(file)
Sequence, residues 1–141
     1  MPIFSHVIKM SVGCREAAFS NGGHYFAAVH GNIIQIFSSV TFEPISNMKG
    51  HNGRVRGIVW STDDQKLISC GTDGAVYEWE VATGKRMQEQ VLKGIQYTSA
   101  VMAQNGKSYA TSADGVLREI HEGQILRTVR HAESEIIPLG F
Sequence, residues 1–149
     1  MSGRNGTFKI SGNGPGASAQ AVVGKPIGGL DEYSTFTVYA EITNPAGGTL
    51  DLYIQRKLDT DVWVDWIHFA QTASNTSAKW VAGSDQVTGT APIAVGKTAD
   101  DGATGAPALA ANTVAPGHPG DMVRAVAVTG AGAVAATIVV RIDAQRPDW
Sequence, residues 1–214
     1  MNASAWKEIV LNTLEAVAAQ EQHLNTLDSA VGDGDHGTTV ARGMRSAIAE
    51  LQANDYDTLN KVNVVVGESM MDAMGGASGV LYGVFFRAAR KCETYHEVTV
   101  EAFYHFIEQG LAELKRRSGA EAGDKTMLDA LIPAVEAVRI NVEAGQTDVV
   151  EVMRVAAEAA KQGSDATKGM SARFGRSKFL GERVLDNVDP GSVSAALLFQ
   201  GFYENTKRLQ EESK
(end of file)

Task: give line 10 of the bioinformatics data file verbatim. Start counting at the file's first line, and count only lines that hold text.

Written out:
     1  MNASAWKEIV LNTLEAVAAQ EQHLNTLDSA VGDGDHGTTV ARGMRSAIAE